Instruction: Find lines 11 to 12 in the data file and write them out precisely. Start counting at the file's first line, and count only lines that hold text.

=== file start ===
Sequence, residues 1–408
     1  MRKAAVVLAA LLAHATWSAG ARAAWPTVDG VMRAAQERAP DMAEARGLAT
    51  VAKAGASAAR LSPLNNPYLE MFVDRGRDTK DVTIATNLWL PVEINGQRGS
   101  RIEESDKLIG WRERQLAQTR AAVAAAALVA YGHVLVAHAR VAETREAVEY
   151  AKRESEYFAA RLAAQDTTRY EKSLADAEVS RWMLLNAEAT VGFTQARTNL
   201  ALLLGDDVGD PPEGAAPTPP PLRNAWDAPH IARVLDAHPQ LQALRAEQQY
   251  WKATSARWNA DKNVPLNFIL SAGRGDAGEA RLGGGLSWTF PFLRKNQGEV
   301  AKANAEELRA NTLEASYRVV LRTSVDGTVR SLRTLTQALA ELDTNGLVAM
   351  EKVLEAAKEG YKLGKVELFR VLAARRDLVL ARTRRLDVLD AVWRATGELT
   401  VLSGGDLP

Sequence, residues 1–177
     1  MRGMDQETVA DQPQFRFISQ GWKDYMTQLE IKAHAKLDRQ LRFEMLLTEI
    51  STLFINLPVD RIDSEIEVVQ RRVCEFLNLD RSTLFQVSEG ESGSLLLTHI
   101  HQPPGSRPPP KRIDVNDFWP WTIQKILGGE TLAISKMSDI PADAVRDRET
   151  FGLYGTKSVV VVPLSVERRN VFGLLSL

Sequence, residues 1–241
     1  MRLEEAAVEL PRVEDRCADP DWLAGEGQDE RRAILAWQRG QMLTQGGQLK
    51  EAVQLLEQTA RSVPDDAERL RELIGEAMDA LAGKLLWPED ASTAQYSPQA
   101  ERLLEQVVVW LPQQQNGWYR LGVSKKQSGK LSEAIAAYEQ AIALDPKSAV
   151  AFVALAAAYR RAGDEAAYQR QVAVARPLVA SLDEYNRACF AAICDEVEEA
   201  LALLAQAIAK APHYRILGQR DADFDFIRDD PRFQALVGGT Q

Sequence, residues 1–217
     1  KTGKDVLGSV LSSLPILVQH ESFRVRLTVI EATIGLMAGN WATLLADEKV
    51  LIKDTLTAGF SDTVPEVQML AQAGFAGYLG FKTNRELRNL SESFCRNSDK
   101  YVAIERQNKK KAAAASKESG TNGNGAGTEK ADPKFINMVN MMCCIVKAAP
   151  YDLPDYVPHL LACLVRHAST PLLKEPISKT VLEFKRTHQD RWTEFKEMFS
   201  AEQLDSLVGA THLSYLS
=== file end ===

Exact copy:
Sequence, residues 1–177
     1  MRGMDQETVA DQPQFRFISQ GWKDYMTQLE IKAHAKLDRQ LRFEMLLTEI